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Discussion Starter #5
You can see the Rev limiter and hear the cut pop two or three times rapid in one portion but can't read the speedo.

I try to stay below 80
 

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Call that a backroad - didn't see too many rough/damaged surfaces, patches, tar snakes or potholes and certainly no timber bridges? Around my way we would call that a well maintained major road.
 

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Discussion Starter #7
It's typical rural California Backroad riding.
Arkansas, Kentucky, Tennessee, West Virginia...all have rural roads that provide many differing scenarios.

Are you trying to suggest that the route shown in the video is not challenging given the velocity demonstrated??? ;)
 

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Discussion Starter #10
Always suggest suiting up, then sprint toward and jump/dive into guardrail. Repeat, save for sliding instead of jumping.
This approximates what it'd be like getting off at 5 MPH...

Adjust cornering speed to give braking distance necessary to achieve your maximum acceptable "get off" speed

Enjoy
 

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Call that a backroad - didn't see too many rough/damaged surfaces, patches, tar snakes or potholes and certainly no timber bridges? Around my way we would call that a well maintained major road.
There's no way that's a major road in densely populated areas in CA.
 

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I didn't watch every second of it, but that road looked a little too straight for my taste. I don't think I'd call it the "twisties"
 

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Discussion Starter #13
I didn't watch every second of it, but that road looked a little too straight for my taste. I don't think I'd call it the "twisties"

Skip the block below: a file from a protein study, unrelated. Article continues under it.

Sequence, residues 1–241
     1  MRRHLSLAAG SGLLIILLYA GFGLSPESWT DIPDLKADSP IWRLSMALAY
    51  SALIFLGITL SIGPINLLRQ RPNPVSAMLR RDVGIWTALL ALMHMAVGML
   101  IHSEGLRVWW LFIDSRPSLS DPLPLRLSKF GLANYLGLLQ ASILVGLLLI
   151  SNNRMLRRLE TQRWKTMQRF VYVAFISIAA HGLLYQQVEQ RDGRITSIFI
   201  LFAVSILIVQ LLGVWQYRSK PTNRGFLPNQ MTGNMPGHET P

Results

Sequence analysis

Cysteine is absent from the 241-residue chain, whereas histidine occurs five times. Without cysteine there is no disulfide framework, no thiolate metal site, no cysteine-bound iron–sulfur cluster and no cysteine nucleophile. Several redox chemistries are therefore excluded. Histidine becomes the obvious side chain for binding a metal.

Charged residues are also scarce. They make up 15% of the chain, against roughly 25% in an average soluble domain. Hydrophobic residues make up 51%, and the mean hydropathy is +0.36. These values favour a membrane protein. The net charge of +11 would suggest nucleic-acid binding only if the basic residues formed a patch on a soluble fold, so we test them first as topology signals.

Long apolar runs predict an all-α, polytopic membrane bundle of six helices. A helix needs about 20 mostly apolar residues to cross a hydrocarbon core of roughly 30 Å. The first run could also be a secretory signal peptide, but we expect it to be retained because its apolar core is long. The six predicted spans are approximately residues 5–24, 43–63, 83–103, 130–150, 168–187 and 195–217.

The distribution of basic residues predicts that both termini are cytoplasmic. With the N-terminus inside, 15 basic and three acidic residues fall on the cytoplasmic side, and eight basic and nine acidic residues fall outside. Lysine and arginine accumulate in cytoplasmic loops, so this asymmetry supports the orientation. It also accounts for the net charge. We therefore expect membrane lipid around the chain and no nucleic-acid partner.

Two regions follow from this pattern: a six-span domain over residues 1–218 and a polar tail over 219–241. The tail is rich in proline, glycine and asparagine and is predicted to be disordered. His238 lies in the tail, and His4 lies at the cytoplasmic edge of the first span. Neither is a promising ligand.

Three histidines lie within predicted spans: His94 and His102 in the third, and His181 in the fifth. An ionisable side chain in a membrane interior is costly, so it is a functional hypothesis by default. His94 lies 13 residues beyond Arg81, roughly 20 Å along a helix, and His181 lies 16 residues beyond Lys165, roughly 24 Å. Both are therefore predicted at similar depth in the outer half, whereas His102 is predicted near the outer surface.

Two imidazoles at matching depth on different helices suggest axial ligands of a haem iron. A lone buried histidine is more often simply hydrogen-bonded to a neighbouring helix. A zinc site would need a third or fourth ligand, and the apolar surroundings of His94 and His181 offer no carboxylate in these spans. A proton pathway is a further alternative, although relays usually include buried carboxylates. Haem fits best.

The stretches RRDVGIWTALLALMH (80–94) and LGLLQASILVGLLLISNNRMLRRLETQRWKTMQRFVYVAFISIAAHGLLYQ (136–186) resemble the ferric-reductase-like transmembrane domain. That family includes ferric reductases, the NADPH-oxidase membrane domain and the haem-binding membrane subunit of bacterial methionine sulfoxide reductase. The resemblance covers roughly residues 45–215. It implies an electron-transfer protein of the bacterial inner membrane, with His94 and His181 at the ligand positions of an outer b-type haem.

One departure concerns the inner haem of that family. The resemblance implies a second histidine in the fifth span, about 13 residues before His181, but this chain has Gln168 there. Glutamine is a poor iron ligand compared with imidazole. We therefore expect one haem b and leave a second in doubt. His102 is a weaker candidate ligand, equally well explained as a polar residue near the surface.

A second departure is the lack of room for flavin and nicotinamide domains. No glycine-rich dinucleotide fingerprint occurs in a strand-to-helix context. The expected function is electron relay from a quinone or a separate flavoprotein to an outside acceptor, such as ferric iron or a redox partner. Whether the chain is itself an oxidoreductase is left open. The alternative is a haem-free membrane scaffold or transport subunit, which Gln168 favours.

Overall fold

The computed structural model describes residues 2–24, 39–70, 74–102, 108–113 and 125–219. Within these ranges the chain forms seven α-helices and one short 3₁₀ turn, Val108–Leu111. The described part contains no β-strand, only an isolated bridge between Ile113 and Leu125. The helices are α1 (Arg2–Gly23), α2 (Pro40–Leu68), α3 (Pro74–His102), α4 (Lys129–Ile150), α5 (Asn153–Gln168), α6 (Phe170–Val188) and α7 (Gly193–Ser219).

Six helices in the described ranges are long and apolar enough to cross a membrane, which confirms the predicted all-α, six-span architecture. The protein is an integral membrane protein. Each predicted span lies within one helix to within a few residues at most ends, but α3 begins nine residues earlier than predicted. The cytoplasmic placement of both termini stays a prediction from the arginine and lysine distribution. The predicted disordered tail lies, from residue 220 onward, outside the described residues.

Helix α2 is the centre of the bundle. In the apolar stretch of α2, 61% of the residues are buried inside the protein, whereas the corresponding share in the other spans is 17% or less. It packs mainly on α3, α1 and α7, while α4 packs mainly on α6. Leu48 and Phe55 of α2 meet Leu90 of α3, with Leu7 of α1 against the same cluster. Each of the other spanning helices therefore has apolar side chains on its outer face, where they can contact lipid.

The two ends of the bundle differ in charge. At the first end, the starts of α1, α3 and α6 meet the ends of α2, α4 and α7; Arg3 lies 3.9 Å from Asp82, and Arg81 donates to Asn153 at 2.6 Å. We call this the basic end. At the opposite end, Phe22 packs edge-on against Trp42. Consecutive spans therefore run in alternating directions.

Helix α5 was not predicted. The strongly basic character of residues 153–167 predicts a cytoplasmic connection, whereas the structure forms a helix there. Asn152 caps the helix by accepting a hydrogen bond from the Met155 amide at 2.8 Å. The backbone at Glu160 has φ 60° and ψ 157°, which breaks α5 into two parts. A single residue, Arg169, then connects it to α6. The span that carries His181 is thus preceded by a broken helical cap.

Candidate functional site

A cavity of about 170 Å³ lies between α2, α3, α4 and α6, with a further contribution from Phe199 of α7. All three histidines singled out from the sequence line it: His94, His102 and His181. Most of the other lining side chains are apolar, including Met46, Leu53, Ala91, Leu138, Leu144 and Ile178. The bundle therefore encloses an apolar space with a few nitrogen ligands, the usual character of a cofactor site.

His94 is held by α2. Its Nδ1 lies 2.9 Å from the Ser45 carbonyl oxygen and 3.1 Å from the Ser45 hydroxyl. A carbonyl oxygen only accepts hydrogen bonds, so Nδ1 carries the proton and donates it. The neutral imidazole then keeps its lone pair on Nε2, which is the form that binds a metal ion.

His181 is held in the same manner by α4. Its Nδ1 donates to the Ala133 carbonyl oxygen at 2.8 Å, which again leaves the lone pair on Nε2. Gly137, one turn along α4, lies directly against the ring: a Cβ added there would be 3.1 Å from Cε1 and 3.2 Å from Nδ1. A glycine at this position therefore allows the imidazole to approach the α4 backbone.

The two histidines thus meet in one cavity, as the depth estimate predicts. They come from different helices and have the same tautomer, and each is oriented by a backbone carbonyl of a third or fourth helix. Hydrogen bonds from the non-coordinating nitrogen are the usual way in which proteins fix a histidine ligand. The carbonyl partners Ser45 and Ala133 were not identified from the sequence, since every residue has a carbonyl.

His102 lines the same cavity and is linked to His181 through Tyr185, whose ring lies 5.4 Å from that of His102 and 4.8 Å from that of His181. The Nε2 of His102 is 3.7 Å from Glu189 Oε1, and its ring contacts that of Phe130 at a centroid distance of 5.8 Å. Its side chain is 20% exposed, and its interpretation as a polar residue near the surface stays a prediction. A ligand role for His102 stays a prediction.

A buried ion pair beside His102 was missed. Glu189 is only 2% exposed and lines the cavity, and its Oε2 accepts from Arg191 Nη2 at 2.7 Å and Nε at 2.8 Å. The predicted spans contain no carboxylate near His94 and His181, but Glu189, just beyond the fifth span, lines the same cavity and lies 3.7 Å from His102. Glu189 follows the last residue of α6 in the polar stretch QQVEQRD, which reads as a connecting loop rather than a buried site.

Agreed, it's not Deal's Gap. A few too many sideroads, drives, etc...for that action imo

Google Brockway Mountain Drive...the descent into Copper Harbor is short yet quite challenging...very rough heaved deteriorated asphalt and no runout areas. No side roads save for the scenic overlook turnabout.
 

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Discussion Starter #14
Letting the MultiStrada cover your six!!!


Notice the Sport touring squid crossing the paint
 

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Backroad... Ha! That would be a major A road in the UK.

I can't figure out who wins in this situation though...
What I do know, is that the Scrambler is a lot more bike than people realise. Especially now I've had it mapped, it pulls up to 90 pretty rapidly.
The suspension just needs sorting to help the tyres stick to our torn up 'roads.'
 

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Backroad... Ha! That would be a major A road in the UK.

I can't figure out who wins in this situation though...
What I do know, is that the Scrambler is a lot more bike than people realise. Especially now I've had it mapped, it pulls up to 90 pretty rapidly.
The suspension just needs sorting to help the tyres stick to our torn up 'roads.'
I was thinking exactly the same.
Come over here and ride our back roads,strewn with leaves,gravel and usually pretty moist and bends you cannot see around,then I'll be impressed with those speeds.
 

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Discussion Starter #18
I was thinking exactly the same.
Come over here and ride our back roads,strewn with leaves,gravel and usually pretty moist and bends you cannot see around,then I'll be impressed with those speeds.
Ha! That's what I'm saying. 100, 115, 135HP
In a 400 lb bike with 5" suspension travel on crap surface roads...not going to happen

Husqvarna TE300 with appropriate footwear
 

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It's typical rural California Backroad riding.
Arkansas, Kentucky, Tennessee, West Virginia...all have rural roads that provide many differing scenarios.

Are you trying to suggest that the route shown in the video is not challenging given the velocity demonstrated??? ;)
Certainly not mate, the pace appears to be quite brisk. I could only ride at that pace on major roads and rural highways, and then only in short bursts with my eyes wide open for lurking Hwy Patrol.
 

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I have had to opportunity to ride a large variety of bikes through the Appalachian twisties.

The Scrambler is the most fun for me because of the relaxed riding position and the ease of handling.

Of course, mine is not stock in the seat/suspension categories, upgrades well worth a couple grand IMHO...

The Scrambler is very "forgiving", I think is the best term.

I can be leaned over in the middle of a turn and still be making stress-free corrections/adjustments.

Bends just feel "straighter" on a Scrambler.
 
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